last night. Mel Parnell vent the
distance for the Bosox.
* * *
CLEVELAND - Gene Beardon
pitched the Cleveland Indians to
a 5-4 win over the Washington
Nationals here last night. Bear-
den, who relieved Early Wynn,
gave up only four hits in seven
innings.
* * *
CHICAGO - Nine batters came
to the plate in the eighth inning
for the Chicago White Sox and
five of them scored to produce a
10-7 victory over the Philadelphia
Athletics. Bob Hooper, third pitch-
er for the A's, was the victim of
the late onslaught.
Rain halted yesterday's sche-
duled game between the Detroit
Tigers and the New York Yan-
kees.
BROOKLYN - Duke Snider,
George Shuba and Roy Campa-
nella hit home runs last night to
lead the Brooklyn Dodgers to a
6-1 victory over the Chicago Cubs.

Dan Bankhead went the distance
and gained his fourth victory
without a defeat while Bob Rush
suffered his first setback in six
decisions. * * *
BOSTON - Lefthander Warren
Spahn pitched his best game of
the season last night, limiting
Cincinnati to three hits as the
Boston Braves trimmed the Reds,
4-1. The Tribe rapped Ewell Black-
well for six hits and all four runs.
The contest was played on the
15th anniversary of the first night
game in the majors, played in Cin-
cinnati.
* * *
PHILADELPHIA - The Phil-
adelphia Philies scored all of
their runs in the eighth inning.
three on Dick Sisler's home
run, to defeat the Pittsburgh
Pirates 6-3 last night. Wally
Westlake's homer in the seventh
accounted for all of the Pi-
rates' tallies.
* * *
NEW YORK - Rookie Cloyd
Boyer blanked the Giants with
two hits in a briliant 7 2/3 in-
nings relief job yesterday to pace
the St. Louis Cardinals to a 2-0
triumph over New York. Boyer
relieved Max Lanier in the second
inning when the veteran south-
paw injured his back.

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BOUNCE OUT

Wakefield Makes News Again,
Threatens Yankees With Suit

DETROIT-GP)-Dick Wakefield,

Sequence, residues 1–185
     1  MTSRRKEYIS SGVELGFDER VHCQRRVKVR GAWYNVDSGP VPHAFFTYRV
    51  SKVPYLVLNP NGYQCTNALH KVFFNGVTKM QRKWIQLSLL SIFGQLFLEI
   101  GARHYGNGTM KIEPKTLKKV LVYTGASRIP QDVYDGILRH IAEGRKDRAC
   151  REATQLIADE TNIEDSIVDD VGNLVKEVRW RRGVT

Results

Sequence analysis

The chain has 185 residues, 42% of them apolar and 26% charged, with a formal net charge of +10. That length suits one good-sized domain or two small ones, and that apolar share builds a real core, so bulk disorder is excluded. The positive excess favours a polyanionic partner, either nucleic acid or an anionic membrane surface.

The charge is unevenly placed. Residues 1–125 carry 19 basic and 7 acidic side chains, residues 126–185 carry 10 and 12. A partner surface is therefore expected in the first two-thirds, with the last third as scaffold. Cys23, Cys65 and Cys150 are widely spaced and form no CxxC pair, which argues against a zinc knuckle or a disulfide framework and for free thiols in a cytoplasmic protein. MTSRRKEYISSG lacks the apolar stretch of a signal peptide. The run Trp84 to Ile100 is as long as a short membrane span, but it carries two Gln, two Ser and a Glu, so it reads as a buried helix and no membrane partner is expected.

the Yankees non-playing outfield-
er, threatened legal action today
unless the New York club pays him
for the time he was suspended.
Right now Wakefield is collect-
ing about $100 a day from the
Yankees for not playing.
* * *
"I WANT THE money I lost
while suspended," he said today
at Briggs Stadium where the
Yanks-Tigers game was rained out.
"I'm going to get it even if it
means legal action.
"According to George Weiss
(Yankee General Manager), I

was suspended for 19days, from
April 30th to last Wednesday.
But since there wasn't any deal,
why should I have to lose that
money?"
Wakefield was traded to Chi-
cago but declined to report unless
the White Sox restored a pay cut
given him by the Yankees. The
deal was called off.
THE OUTFIELDER said he is
wondering what the Yankees plan
to do with him.
"I don't think they've even put
me on the waiver list," he said.
"Why?
"Are they trying a deal with
someother club. If so, how long
will it be before something hap-
pens? I'd like to stay in the Amer-
ican League, not to be peddled to
the National, too. And I won't go
to the minors," he asserted.
Weiss has refused any negotia-
tions regarding Wakefield.

I

II

I.

New York Broadcaster Finds
Bombers Weaker This Year

1

i

SMOOTH FEEL...
WON'T SCRATCH
W1

By BOB MARGOLIN
It doesn't look like the Yanks
will repeat last year's 'American
League pennant win, according to
Mel Allen, New York broadcaster
who is in Detroit to announce the
current Yankee-Tiger series.
In an interview at Briggs Sta-
dium yesterday, Allen reiterated
his early prediction that the Bos-
ton Red Sox will take the title.
Allen's choice for the dark horse
of the race is the Detroit Tigers.
"THE YANKS are growing old
and their reflexes are bound to
slow up," he said. "A fraction of
a second in timing might mean the
difference between a .350 and a
.250 batting average."
How long is Joe DiMaggio go-
ing to be with the Yanks? About
two more years, Allen feels. Di-
Maggio is the type of person
whose pride will not let him die
the slow, painful death of a ball

player. When he thinks he is
nearing the end of his career,
he will drop out of pro ball long
before the pink slip catches up
with him.
Commenting on Joe Page, Allen
said he didn't feel the great re-
lief hurler looks as good as he did
last year. As for Yogi Berra, he
may pull a few stunts off the field,
but on the diamond he has plenty
of baseball know-how.
Allen cleared up a point con-
cerning Dick Wakefield's relations
with his former team mates. He
said that the Ann Arborite was in
the dressing room after yesterday's
New York-Detroit ball game was
rained out, and that he and the
Yanks were talking affably; they
didn't show any signs of animosity.
During an hour and a half con-
versation, the famous New York
broadcaster and loyal fan didn't
utter one, "How about that!"